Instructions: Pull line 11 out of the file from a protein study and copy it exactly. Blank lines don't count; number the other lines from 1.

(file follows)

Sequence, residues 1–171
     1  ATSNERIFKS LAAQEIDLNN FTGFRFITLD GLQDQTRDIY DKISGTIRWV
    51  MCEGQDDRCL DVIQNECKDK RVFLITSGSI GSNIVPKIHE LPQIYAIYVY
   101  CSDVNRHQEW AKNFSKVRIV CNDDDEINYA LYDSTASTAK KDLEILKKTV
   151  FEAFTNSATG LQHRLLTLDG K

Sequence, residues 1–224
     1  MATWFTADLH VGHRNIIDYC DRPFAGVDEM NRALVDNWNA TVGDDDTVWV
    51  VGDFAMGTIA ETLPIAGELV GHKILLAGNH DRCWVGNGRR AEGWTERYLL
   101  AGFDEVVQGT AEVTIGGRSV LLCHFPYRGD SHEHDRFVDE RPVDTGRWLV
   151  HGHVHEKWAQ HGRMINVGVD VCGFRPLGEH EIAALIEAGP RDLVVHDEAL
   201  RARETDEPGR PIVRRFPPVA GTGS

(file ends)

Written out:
   201  RARETDEPGR PIVRRFPPVA GTGS